Lynas Corporation says it has lodged plans to satisfy two new conditions for its advanced materials plant (LAMP) in a bid to receive a new temporary operating licence.
The Malaysian authority set up to conduct public discussion about the Lynas plant, the Parliamentary Select Committee (PSC), has recommended a licence be issued for the LAMP after talking with local residents, special interest groups and non-government organizations about their public health and environmental safety concerns.
The committee says Lynas has complied with Malaysian standards and laws, which are in line with international principles. “We welcome the PSC report. Throughout our time in Malaysia, we have worked to be completely transparent, and to provide full and comprehensive details about every aspect of our operation to satisfy government and community concerns,” says Lynas executive chairman Nicholas Curtis. “We are committed to operating in a safe and sustainable manner and to making a significant ongoing contribution to Malaysia.”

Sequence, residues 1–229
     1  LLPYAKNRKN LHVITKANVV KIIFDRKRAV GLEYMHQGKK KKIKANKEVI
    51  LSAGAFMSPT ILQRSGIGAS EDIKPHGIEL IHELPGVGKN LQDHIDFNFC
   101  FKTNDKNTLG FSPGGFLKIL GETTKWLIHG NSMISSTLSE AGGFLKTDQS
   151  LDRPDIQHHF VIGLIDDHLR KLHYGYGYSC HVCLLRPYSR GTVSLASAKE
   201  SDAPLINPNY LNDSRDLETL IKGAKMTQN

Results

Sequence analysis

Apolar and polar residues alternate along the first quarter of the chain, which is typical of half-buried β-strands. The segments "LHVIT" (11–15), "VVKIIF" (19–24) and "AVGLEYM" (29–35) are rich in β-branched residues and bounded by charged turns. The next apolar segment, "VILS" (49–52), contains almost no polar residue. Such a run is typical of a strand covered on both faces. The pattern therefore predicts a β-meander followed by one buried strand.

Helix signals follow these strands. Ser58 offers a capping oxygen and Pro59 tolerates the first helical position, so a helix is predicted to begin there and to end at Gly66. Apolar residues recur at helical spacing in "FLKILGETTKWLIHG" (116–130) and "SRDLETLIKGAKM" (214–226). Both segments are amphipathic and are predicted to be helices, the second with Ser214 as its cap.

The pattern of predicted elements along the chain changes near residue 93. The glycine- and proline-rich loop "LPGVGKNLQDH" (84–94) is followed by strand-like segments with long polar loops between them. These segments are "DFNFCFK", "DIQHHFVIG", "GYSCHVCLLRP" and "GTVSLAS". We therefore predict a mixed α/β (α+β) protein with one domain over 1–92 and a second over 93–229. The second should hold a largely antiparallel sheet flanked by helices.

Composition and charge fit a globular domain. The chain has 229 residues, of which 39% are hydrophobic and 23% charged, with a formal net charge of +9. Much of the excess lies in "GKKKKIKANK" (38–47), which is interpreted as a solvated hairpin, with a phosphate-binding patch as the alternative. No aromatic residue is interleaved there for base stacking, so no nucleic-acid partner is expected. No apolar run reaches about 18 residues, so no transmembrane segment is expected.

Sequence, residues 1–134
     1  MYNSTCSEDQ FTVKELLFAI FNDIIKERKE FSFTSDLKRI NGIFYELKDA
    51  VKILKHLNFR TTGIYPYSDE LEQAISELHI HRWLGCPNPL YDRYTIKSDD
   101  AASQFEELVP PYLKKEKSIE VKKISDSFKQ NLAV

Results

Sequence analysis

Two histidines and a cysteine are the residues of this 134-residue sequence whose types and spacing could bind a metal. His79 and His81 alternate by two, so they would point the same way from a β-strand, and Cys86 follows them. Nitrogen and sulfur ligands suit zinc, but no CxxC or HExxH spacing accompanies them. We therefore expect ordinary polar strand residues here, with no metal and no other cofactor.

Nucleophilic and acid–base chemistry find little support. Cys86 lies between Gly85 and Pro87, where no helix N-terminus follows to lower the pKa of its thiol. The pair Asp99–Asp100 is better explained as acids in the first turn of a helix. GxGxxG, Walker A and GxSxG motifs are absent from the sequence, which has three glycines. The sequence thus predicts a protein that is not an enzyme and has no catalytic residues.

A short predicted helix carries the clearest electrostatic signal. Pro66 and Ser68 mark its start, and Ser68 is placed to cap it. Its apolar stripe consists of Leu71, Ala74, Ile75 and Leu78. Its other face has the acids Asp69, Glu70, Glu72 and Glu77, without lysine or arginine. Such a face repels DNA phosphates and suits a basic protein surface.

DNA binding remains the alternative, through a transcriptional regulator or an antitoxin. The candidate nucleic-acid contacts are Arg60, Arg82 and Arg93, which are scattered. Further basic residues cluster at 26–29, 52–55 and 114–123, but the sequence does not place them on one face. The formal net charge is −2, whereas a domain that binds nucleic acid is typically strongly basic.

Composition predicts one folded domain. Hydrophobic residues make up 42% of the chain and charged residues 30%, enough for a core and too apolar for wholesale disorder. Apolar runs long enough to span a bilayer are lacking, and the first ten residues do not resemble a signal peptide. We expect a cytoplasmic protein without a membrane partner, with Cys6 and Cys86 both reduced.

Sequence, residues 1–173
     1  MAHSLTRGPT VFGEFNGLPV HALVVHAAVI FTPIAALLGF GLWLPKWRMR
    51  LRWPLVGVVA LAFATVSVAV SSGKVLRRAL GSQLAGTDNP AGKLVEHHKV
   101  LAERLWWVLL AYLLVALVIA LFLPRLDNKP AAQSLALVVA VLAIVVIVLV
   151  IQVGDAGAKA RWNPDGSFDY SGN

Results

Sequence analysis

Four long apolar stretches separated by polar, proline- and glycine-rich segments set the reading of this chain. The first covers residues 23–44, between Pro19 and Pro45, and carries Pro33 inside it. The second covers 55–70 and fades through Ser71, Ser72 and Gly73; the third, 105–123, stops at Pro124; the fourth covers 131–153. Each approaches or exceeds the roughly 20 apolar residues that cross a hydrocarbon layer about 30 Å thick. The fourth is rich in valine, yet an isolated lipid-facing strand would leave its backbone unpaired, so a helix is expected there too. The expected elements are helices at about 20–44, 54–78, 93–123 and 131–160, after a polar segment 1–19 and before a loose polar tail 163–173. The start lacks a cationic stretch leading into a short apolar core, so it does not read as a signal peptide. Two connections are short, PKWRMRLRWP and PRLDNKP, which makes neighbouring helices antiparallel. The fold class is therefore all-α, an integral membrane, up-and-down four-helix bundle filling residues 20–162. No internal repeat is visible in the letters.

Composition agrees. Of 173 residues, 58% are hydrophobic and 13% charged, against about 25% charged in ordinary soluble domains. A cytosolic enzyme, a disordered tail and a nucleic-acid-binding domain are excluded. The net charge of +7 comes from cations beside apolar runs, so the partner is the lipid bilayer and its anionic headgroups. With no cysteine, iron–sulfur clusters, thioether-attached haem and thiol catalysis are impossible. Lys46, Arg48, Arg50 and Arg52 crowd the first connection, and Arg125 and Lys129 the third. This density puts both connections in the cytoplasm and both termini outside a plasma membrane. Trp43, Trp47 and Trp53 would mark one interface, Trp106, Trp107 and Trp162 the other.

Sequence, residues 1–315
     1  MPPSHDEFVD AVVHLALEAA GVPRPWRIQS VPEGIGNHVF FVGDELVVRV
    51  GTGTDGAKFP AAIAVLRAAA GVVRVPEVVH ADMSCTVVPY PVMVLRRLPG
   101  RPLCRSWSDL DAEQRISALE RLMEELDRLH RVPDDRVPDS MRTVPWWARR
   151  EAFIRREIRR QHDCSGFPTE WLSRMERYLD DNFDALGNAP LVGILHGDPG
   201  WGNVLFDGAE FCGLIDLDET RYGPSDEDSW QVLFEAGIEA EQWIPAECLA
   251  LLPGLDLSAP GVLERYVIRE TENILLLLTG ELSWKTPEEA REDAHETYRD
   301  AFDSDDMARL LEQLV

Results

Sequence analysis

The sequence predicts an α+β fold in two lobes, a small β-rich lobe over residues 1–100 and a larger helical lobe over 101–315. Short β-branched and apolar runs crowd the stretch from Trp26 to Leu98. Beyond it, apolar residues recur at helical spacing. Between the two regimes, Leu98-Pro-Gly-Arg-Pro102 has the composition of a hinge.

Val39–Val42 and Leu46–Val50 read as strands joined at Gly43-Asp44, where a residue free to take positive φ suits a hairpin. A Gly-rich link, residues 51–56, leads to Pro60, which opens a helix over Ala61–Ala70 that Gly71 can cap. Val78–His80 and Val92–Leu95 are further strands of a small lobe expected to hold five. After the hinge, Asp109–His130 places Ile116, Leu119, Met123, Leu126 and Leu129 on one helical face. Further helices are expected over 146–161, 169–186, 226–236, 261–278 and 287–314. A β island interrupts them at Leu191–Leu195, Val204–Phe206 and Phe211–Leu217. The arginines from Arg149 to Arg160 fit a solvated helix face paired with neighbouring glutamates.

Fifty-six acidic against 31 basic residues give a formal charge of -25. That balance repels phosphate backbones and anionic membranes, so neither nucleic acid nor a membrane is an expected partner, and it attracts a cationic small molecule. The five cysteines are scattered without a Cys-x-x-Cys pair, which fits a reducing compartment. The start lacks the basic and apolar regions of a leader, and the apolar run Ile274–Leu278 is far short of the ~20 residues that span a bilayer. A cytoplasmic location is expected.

In March, Lynas announced it would vigorously defend claims made by members of the community about its rare earths advanced materials processing plant which is under construction near Kuantan in Pahang, Malaysia. Construction of the plant is nearing completion, with systematic completion of test packs and pre-commissioning about one third complete.
An independent review of the project by the International Atomic Energy Agency concluded in 2011 that the LAMP is expected to be safe and fully compliant with international standards.
Lynas says it looks forward to finalizing the Atomic Energy Licensing Board’s requirements in relation to the new conditions to secure a new temporary operating licence as soon as possible.